Two Alaska Native organizations are suing the federal government to protect subsistence fishing rights on two of the state’s largest river systems amidst a worsening salmon crisis. 

Earth Justice, a nonprofit public interest environmental law organization, filed a lawsuit last week on behalf of the plaintiffs — the Association of Village Council Presidents (AVCP) and Tanana Chiefs Conference (TCC) — against the National Marine Fisheries Service (NMFS) in U.S. District Court asking it to reexamine groundfish catch limits for the Bering Sea and the Aleutian Islands. 

Collectively, AVCP and TCC represent more than 100 tribal communities in the Yukon-Kuskokwim region who have been fishing the area salmon for thousands of years. The tribes claim that a restriction on fishing for subsistence in the region with a preference for commercial fishing has halted the centuries-old practice for more than a decade. 

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The region is one of the poorest in the state, making salmon harvest critical to food security. 

“Families haven’t been able to fish for salmon for years, essentially at all, on the Yukon [River] and the Kuskowkim [River],” said AVCP’s General Counsel Joy Anderson in an interview with Native News Online“That’s what is prompting the lawsuit, but near-total collapse is what we’re experiencing right now.”

 AVCP is a nonprofit tribal organization that promotes self-determination and protection and enhancement of cultural and traditional values, including advocating for the protection of the Bering Sea and its resources. It represents more than 27,000 people, primarily of Yup’ik, Cup’ik, and Athabascan heritage, and 56 federally recognized tribes in 48 communities along the Yukon and Kuskokwim Rivers. 

 “We don’t believe that management is prioritizing subsistence as high as it should be,” Anderson said. “Our hopes are that fisheries management start taking a holistic approach in what they are doing and that subsistence fishing is prioritized.”

The commercial fishing industry continues to fish the region for Chinook and chum salmon, which are being over-harvested, says AVCP. According to the lawsuit, NMFS relies on an environmental impact statement (EIS) completed in 2007 for the harvest specifications and an EIS from 2004 for the groundfish fisheries management plan. 

 “Our communities have a generational dependence and engagement with salmon and fishing,” VCN’s Natural Resource Director Jessica Hooper told Native News Online. “The last three years, specifically, subsistence fishing, or fishing for food, has been completely restricted and closed for the entire salmon season on Yukon. With severe restrictions and complete closures for multiple years, for more than a hundred communities and thousands of families, you can imagine how that is impacting the region.”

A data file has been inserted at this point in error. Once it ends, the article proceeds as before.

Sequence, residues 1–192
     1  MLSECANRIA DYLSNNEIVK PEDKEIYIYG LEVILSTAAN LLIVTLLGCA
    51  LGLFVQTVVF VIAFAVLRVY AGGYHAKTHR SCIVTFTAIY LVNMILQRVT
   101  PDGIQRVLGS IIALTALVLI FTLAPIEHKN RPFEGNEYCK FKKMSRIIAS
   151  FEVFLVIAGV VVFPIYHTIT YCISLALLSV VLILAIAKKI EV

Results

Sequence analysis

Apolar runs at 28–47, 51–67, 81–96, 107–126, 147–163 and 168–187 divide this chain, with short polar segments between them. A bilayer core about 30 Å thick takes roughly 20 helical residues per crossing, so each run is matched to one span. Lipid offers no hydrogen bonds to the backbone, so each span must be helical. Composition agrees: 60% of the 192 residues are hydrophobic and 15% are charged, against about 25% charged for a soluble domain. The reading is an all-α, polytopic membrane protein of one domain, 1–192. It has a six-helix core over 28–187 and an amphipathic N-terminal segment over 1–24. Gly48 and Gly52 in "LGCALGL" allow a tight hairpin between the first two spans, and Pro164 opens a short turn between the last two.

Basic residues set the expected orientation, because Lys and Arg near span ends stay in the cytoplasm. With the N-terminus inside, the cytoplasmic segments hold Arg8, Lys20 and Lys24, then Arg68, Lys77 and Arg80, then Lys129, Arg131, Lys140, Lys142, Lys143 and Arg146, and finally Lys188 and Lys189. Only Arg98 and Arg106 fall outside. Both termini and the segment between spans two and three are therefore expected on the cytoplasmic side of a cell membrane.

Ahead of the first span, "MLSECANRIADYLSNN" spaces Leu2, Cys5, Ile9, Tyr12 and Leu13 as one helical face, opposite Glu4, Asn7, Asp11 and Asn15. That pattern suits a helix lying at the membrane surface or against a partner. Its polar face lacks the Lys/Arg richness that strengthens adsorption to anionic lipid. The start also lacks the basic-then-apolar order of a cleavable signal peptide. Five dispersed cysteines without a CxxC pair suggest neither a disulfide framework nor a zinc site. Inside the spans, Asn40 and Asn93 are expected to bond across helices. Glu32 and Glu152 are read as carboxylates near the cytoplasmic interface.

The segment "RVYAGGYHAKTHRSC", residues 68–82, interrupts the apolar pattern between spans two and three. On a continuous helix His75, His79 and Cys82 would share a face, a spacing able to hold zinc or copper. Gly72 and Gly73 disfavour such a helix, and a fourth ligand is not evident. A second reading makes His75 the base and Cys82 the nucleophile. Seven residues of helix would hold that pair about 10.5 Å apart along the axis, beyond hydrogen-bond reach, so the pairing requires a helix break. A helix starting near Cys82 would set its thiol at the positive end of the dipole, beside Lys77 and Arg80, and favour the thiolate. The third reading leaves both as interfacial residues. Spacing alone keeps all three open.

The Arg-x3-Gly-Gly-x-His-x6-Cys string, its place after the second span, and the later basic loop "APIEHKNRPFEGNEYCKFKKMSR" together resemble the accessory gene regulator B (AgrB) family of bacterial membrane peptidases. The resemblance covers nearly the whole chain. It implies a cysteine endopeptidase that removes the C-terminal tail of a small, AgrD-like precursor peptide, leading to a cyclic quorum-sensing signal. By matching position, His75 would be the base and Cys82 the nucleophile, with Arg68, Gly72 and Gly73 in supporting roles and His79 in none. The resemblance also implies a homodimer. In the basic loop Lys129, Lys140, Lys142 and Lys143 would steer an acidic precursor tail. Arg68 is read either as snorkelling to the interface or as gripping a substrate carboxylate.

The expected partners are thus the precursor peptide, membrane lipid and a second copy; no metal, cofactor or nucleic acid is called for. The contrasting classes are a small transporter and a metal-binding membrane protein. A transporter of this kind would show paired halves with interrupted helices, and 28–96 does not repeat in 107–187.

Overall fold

Since at least 2007, western Alaska Chinook salmon stocks have been in decline, followed by collapses in chum and coho salmon stocks over the last three years, according to Earth Justice. 

As well, the Bering Sea has experienced warming ocean temperatures, loss of sea ice, shifts in the abundance and distribution of fish species, massive seabird die-offs and decreased nutrient productivity. 

AVCP and TCC contend the system used to determine harvesting is outdated and doesn’t reflect the changes in the environment. 

“The NMFS’s analysis is almost 20 years old and a lot has happened in the Bering Sea,” Senior Attorney for Earthjustice Kate Glover told Native News Online. “This lawsuit is about asking the NMFS to take a look at the effect of the choices it makes in fisheries management decisions. Alaskan Native people rely on healthy ocean resources, including salmon, and we would hope that a new process takes another look at how it limits harvests.”

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About The Author
Author: Darren ThompsonEmail: This email address is being protected from spambots. You need JavaScript enabled to view it.
Darren Thompson (Lac du Flambeau Ojibwe) is a staff reporter for Native News Online who is based in the Twin Cities of Minnesota. Thompson has reported on political unrest, tribal sovereignty, and Indigenous issues for the Aboriginal Peoples Television Network, Indian Country Today, Native News Online, Powwows.com and Unicorn Riot. He has contributed to the New York Times, the Washington Post, and Voice of America on various Indigenous issues in international conversation. He has a bachelor’s degree in Criminology & Law Studies from Marquette University in Milwaukee, Wisconsin.